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Video: Innovations in offshore wind turbine foundations drive down cost

24 January 2013 | News

Innovative Bucket Foundations on their way for first stage of construction at the world's largest offshore wind farm

Offshore wind turbine bucket foundations

Photo: Forewind/CHPV

The innovative suction-installed foundations that represent the first stage of construction at the world's largest offshore wind farm are now on their way to the site at Dogger Bank, 125 kilometres off the UK's east coast.

The structures, known as Bucket Foundations, will support two meteorological masts that will provide essential weather information. They were developed by Danish firm Universal Foundation - a Fred. Olsen-related company - through The Carbon Trust's Offshore Wind Accelerator programme, which takes the best designs for offshore wind turbine foundations from design through to deployment.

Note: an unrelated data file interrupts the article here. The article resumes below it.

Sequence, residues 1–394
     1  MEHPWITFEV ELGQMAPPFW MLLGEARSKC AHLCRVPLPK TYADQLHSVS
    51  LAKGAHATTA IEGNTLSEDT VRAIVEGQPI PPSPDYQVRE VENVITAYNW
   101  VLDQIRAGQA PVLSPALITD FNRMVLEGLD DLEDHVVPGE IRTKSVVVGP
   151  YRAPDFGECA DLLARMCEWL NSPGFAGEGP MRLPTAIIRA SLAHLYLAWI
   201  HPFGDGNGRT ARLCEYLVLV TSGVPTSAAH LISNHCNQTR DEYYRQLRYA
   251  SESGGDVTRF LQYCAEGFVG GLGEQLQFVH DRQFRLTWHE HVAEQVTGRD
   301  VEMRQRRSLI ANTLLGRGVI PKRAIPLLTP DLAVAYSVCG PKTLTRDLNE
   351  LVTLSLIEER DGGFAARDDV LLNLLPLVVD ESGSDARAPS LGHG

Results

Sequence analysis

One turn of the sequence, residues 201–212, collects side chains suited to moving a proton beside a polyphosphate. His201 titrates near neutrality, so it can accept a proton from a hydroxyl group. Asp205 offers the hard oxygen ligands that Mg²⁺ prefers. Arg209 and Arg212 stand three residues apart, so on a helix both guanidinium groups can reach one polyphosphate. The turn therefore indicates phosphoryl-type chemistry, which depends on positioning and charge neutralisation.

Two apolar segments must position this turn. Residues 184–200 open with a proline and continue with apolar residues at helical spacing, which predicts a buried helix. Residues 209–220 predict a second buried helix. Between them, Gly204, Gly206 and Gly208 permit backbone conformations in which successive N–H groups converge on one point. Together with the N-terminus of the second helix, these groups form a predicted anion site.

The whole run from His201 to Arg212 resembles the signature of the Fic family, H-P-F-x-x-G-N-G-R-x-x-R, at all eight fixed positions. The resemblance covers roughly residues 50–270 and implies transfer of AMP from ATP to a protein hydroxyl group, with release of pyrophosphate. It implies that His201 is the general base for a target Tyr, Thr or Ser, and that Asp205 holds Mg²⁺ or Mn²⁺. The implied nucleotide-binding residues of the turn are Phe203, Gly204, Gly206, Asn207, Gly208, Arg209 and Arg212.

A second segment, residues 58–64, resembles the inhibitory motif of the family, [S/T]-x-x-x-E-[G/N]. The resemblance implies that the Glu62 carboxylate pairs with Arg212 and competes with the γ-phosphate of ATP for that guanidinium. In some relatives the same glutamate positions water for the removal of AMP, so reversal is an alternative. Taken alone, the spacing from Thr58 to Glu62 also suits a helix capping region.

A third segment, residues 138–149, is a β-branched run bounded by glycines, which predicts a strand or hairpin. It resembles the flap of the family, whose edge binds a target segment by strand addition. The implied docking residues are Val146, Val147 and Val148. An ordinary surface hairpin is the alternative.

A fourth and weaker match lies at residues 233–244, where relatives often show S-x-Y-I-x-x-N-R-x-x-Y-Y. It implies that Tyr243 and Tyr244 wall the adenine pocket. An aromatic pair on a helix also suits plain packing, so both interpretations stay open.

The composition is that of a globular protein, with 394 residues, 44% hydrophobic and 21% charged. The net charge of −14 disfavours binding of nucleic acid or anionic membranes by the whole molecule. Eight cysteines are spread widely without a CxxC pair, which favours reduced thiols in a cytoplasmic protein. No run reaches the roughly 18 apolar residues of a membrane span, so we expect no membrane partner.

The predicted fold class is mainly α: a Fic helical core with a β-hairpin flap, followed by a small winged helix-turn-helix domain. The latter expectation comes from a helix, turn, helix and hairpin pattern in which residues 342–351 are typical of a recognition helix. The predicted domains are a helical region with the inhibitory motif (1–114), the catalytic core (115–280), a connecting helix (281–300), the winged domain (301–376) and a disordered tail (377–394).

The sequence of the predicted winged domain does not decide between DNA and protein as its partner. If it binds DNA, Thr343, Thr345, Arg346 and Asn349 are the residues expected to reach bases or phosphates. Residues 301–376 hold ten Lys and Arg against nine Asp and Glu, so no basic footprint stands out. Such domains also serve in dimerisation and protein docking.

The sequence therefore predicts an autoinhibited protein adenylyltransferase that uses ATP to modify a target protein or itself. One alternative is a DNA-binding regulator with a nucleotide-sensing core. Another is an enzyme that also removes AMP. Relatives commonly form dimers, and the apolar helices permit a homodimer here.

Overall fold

"This is the first deployment of the Bucket Foundation in UK waters. We're excited about what this means for offshore wind development. The foundations represent 30% of the total cost of a wind farm. Reducing the capital and installation costs could really make an impact on the viability of future projects.

Phil De Villiers, Head of the Offshore Wind Accelerator Programme

Bucket Foundations: video

With the help of a tin can, a fish tank, Phil de Villiers, Head of Offshore Wind at the Carbon Trust and Damian Carrington of the Guardian demonstrate this new technique for building offshore windfarms.

The technique, developed by Danish company Universal Foundation with the Carbon Trust, means potential savings of billions of pounds on the construction of new offshore windfarms.

 View the video on the Guardian website

 

Read the full press release:

Load-out marks first stage of development at Dogger Bank

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